Fossil primate discovery in Libya

This video is called The Primate Fossil Ida – Science Review.

From The Great Beyond blog:

New primate fossils point to great African migration – October 27, 2010

Long before human ancestors began leaving Africa, their primate forebears may have arrived there en masse from Asia, some 40 million years ago.

An international team of palaeontologists excavating a rock formation in southern Libya have uncovered the fossil remains of several species of anthropoid primates, the group that gave rise to today’s monkeys, apes and, of course, humans. Their find is published online today in Nature.

A number of previous fossils have pointed to an Asian origin for these primates, but when and how they got to Africa has been in question.

The new fossils are about 38 to 39 million years old, and none of the animals would have weighed more than 500 grams, conclude a team led by Jean-Jacques Jaeger, a palaeontologist at the University of Poiters, France. Their diminutive size fits in with previous research suggesting that early anthropoids started small and eventually evolved ever bigger bodies.

Jaeger’s team was surprised to find so many different kinds of anthropoids at the Libyan site, including one species, Afrotarsius libycus, which they say resembles early anthropoids from Asia. Afrotarsius had previously been considered a member of another primate group called tarsiers, but Jaeger’s team say its teeth look more like those of an anthropoid.

The anthropoids uncovered by Jaeger’s team also suggest that an eclectic group of the animals trekked from Asia to Africa, and not a single lineage that diversified after it made it to the continent. “We think there is a strong wave of migration from Asia to Africa shortly before 40 million years ago,” he says. “Now we have to unravel the details of the migration.”

Erik Seiffert, a palaeontologist who studies early primate evolution at Stony Brook University in New York, calls the find “interesting and important.” But he thinks the fossils are about 3 million years younger than Jaeger’s team claim, and he questions whether Afrotarsius libycus is really an anthropoid and not a tarsier.

“I agree that evidence seems to support a dispersal of anthropoids from Asia to Africa at some point in the middle Eocene,” the period between 37-48 million years ago, “but we still don’t know exactly when because there is a big gap in Africa’s middle Eocene record,” Seiffert says.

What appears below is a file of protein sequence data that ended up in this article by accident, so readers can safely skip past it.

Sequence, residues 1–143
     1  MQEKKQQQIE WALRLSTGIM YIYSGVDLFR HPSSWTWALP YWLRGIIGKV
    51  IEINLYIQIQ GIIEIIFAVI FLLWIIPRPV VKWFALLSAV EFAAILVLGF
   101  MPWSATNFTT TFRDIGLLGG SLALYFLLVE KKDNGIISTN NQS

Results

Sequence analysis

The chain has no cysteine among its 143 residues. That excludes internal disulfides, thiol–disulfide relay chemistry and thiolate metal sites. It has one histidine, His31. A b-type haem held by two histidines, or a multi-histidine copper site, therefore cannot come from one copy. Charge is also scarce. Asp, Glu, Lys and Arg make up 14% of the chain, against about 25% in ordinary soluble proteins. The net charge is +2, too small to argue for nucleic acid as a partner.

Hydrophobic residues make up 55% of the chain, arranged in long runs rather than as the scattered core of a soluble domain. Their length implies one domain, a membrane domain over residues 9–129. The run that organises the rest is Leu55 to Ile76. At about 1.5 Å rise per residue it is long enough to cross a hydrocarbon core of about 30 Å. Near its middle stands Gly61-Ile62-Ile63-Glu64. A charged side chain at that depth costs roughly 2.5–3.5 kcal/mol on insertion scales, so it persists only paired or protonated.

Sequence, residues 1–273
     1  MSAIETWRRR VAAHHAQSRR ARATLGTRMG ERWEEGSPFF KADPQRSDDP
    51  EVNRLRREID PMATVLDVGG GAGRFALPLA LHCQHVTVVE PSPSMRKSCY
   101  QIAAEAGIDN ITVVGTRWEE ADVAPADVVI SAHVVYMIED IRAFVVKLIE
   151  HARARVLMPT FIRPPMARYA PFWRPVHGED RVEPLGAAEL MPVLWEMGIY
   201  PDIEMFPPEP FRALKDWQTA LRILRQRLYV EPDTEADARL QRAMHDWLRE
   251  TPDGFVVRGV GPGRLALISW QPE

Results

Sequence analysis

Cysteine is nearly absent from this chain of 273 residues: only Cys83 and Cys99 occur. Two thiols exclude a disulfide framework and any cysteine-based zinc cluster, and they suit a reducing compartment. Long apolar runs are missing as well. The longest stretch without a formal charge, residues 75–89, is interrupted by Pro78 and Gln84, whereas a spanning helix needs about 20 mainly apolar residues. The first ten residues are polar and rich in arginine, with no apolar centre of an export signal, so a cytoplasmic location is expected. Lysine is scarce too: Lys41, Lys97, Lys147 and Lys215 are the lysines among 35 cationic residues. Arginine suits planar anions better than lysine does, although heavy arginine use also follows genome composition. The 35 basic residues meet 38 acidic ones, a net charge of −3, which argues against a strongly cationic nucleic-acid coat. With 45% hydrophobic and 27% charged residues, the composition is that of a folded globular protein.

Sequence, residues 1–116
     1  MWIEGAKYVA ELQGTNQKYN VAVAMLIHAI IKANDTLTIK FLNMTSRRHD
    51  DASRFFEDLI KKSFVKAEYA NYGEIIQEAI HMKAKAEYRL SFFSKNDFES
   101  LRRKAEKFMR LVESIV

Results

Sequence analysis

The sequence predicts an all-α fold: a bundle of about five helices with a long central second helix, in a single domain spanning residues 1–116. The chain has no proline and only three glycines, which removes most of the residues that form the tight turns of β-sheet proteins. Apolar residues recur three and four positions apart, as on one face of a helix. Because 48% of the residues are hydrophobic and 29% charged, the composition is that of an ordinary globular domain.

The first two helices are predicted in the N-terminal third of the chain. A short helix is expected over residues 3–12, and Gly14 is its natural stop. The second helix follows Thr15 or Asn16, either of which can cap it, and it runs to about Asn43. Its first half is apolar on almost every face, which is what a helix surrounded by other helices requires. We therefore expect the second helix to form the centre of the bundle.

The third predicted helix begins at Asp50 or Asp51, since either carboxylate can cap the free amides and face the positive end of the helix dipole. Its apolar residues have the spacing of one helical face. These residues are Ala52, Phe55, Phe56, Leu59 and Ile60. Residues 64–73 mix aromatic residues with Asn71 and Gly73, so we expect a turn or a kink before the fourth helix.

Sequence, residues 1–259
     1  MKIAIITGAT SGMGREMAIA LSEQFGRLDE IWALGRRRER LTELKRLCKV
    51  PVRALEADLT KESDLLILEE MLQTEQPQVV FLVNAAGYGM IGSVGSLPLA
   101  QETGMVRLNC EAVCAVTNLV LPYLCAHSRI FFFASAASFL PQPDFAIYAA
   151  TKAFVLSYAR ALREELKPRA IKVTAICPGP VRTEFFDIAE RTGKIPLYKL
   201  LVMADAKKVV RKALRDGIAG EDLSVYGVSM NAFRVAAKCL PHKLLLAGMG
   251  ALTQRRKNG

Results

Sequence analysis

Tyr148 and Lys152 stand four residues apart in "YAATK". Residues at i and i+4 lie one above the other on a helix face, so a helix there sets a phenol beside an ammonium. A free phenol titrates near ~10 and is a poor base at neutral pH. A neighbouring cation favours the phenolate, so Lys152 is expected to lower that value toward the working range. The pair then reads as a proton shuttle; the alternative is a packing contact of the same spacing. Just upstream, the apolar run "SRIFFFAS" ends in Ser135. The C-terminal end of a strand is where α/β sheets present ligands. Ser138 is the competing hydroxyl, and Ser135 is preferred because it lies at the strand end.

See also here. And here.

An international team of researchers has announced the discovery of Afrasia djijidae, a new fossil primate from Myanmar that illuminates a critical step in the evolution of early anthropoids—the group that includes humans, apes, and monkeys. The 37-million-year-old Afrasia closely resembles another early anthropoid, Afrotarsius libycus, recently discovered at a site of similar age in the Sahara Desert of Libya. The close similarity between Afrasia and Afrotarsius indicates that early anthropoids colonized Africa only shortly before the time when these animals lived. The colonization of Africa by early anthropoids was a pivotal step in primate and human evolution, because it set the stage for the later evolution of more advanced apes and humans there. The scientific paper describing the discovery appears today in Proceedings of the National Academy of Sciences: here.

On the 20th February 2009, eight days after Darwin’s 200th birthday, a conference about Attitude and Knowledge regarding Evolution and Science in Europe (EWEWE – Einstellung und Wissen zu Evolution und Wissenschaft in Europa) took place which had been organized by the occupational group Biology of TU Dortmund. The conference turned out to be a surprising success. Due to the big and wide interest, Springer Press documented the conference contributions, so that they are available to the public: here.

5 thoughts on “Fossil primate discovery in Libya

  1. Pingback: Tunisian fossil primate discovery | Dear Kitty. Some blog

  2. Pingback: Purgatorius, world’s oldest primate? | Dear Kitty. Some blog

  3. Pingback: Extinct dinosaurs’ and birds’ long names | Dear Kitty. Some blog

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